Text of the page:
In any company, whether it is a big organization, or a medium-sized enterprise, or even a small-scale startup, the future of your career clearly depends on the relationship you have with your superior/supervisor. Common sense would say it is always best to get on the good side, on your boss’ good graces. The problem is doing so without looking like a bootlicker or suck-up because most methods have already been done to impress head honchos. Majority of business leaders, managers, people in charge, etc. already know these ways. They have seen most if not all of them. These include even the common ones like coming to work early and working hard. The challenge is to find the unconventional practices and, as Ruben Anlacan Jr. writes in this article for the Manila Bulletin, you can find them if you really put the effort to look. Here are some:
Be flexible when needed.
The attitude of saying “I will do it!” and volunteering your services, even if it is not stated in your job description, deserves lots of merit.
Be consistent in coming early to work and do not be too eager to leave.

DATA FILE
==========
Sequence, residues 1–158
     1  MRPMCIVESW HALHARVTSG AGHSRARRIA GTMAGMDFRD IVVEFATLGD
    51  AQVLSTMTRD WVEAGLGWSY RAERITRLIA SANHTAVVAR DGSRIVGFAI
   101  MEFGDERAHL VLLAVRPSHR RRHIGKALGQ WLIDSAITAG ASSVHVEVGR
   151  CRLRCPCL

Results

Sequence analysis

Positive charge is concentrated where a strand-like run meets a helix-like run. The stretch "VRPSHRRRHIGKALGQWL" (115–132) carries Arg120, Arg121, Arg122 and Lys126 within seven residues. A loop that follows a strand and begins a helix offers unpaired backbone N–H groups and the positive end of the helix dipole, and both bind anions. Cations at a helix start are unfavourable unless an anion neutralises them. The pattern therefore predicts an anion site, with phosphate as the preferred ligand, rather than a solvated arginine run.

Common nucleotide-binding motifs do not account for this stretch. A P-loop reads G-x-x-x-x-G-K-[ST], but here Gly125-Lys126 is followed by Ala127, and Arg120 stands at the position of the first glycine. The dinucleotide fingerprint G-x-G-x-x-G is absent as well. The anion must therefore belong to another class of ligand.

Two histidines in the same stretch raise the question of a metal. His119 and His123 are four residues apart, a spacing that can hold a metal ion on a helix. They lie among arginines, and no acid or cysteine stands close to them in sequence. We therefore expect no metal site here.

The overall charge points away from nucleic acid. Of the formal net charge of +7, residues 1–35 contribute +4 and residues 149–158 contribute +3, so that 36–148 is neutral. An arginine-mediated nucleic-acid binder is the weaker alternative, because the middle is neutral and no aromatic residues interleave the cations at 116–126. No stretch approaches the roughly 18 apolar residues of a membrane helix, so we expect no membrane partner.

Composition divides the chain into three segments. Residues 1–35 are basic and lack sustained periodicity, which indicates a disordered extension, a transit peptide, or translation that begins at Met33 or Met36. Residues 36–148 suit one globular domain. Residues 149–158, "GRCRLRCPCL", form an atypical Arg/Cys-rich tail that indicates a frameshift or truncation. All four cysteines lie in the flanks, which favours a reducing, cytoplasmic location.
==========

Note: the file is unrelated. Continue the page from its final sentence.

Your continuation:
Be at your workplace 30 minutes before the time. If you will be coming from a far place, it would be better to be there even earlier. You may think that not being tardy is hard enough to do—but if you factor in the stress of trying to make it on time, in the long run, it is easier on your health. Besides coming in early, you could also show your commitment by staying or maximizing your time before leaving or, if possible, working past the usual hours. Management remembers that kind of behavior and it will form part of their opinion on your productivity.
Going the extra mile usually reaps rewards, especially in the workplace and eventually your entire career. Getting ahead is partly a numbers game. The more attempts you make to attain your objective, the better your chances are in succeeding. The way to get ahead, to get the edge over co-employees in the eyes of your boss, is to apply an ‘out of the box’ approach to any scenario. Being there when your boss needs you, and (certainly in most cases), even when you’re not needed. Working past your usual normal working hours. Showing the boss clear support and that you always have his/her back. All these and more fresh ideas or the most uncommon ways can win the boss’ favor.
Read the Original Article: http://www.businesscoachphil.com/five-uncommon-ways-to-impress-your-boss